An orchard walk, a cider tasting and faeries at Merridale Cidery & Distillery
in Vancouver Island’s scenic Cowichan Valley
The scenic rolling hills of the Cowichan Valley thirty minutes north of Victoria on Vancouver Island, British Columbia are known for organic farms, local food and award-winning wineries. And a cidery. Merridale Cidery & Distillery is an apple orchard, a craft cider maker, a small batch distillery and a wedding and event venue. It made for a pleasant stop on the day trip my sister and I made to the Cowichan Valley.
Cider starts in the orchard. Merridale uses 18 varieties of apples grown in British Columbia in their assorted ciders, 9 of which are grown in their own orchards. Merridale uses sustainable farming practices without herbicides or pesticides. The Orchard Walk is an uneven, natural hiking trail through Merridale’s orchard. There are over 3500 apple trees grown using organic practices.
Behind the Ciderhouse, in a lovely landscaped area, is an outdoor tent which can be booked for weddings or other events. The indoor restaurant area is available for moving the reception indoors. On other parts of the property, we found a few more unusual displays.
Cider and brandy tastings are available in the tasting room for a fee ($ 4 or $5). Unlike some wineries where the tasting fee is waived if you buy a bottle of wine, the tasting fee applies regardless of what you buy. The fee is donated to a charity. Each month a different charity is the recipient. The tasting fees on the day of my visit went to Canucks Autism Network.
Merridale ciders are made from 100% juice and only the first pressing is used. The juice is fermented slowly and naturally. There are two cider sampling options in the tasting room: New World Cider and Old World Cider. The New World cider is described as easy drinking and fruit forward. The Old World cider is made in the European style with deeper, more complex flavours. My sister and I ordered one New World Cider tasting and one Old World Cider tasting and shared, so we could each have a small taste of all the ciders on offer. Although I’ve never been a great fan of cider, there were a few I liked. I hadn’t realized how many versions of cider there are and how different they can taste from each other. Maybe I could become a cider fan.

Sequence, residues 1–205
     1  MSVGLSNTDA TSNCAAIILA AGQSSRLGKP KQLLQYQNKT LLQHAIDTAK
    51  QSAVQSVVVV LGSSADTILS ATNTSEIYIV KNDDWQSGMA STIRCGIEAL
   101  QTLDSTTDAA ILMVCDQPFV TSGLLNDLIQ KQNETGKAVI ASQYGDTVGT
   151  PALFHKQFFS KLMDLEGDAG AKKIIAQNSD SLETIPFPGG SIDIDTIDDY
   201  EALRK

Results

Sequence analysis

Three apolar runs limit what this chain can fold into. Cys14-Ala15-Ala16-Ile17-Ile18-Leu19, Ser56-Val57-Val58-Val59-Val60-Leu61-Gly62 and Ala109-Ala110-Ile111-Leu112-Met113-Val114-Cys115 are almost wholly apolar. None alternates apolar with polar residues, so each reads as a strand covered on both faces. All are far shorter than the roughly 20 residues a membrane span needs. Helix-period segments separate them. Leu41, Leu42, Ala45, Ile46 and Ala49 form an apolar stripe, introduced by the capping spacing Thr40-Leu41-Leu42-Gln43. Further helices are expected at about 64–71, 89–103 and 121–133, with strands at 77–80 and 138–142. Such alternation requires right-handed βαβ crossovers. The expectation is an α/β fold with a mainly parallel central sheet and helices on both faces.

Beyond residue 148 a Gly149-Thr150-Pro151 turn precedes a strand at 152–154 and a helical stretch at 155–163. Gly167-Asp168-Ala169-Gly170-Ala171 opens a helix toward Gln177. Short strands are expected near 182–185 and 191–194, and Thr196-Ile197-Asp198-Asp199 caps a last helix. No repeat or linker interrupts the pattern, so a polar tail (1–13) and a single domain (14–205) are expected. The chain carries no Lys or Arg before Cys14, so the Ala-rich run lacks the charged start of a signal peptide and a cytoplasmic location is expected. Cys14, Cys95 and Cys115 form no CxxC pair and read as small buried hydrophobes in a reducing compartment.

New World Ciders:
House: A effervescent style cider made from a blend of English cider apples, this is one of Merridale’s best sellers.
House Dry: A drier version of the House, it tasted a bit like white wine.
Merri Berri: This is made with a blend of local apples fermented slowly, then blended with B.C. black currant, cherry and raspberry juices. It was not as sweet as I would have expected for a fruit blend. I could imagine sipping it outside on a nice summer afternoon. (It is only available from spring to fall)
Winter Apple: This cider is fortified with brandy. Our tasting guide said it has been described as “apple pie in a glass”. It did taste like apple pie. A nice dessert cider.
Old World Ciders:
Scrumpy: A strong oaky blend of sharp crab apples and tannic cider apples. It is Merridale’s strongest cider and is a little cloudier in colour than the others. I found this one too sharp for my taste.
Traditional: This English-style cider is another of Merridale’s best sellers. It has a nice balanced flavour.
Cyser: This award-winning cider is a blend of aromatic cider apples and wildflower honey from Merridale’s own orchard.
Pomme Oh!: A cider fortified with brandy. It has a honey forward taste and an apple finish. Another nice dessert cider. I couldn’t decide which I liked better – the Pomme Oh! or the Winter Apple.
Merridale also makes brandy, gin and vodka, all made entirely from B.C. fruit. Brandy tastings are available at the tasting bar, but not gin or vodka tasting. A flight of 3 “mini” versions of signature cocktails can be ordered in the lounge or bistro.
A store attached to the tasting rooms sells a variety of crafts and local food specialties. And Merridale’s own products, which includes cider vinegar in addition to its alcoholic products.
Deep into the Orchard Walk are a series are faerie gardens and signs about faeries.
Do you know how to spot faeries? Faeries are most easily seen when you don’t look directly at them. It may help if you soft-focus your eyes, look straight ahead and concentrate on your peripheral vision.
Merridale Cider & Distillery is located in the Cobble Hill area of Cowichan Valley. It is open daily. Hours vary by season. Check their events calendar for special events.
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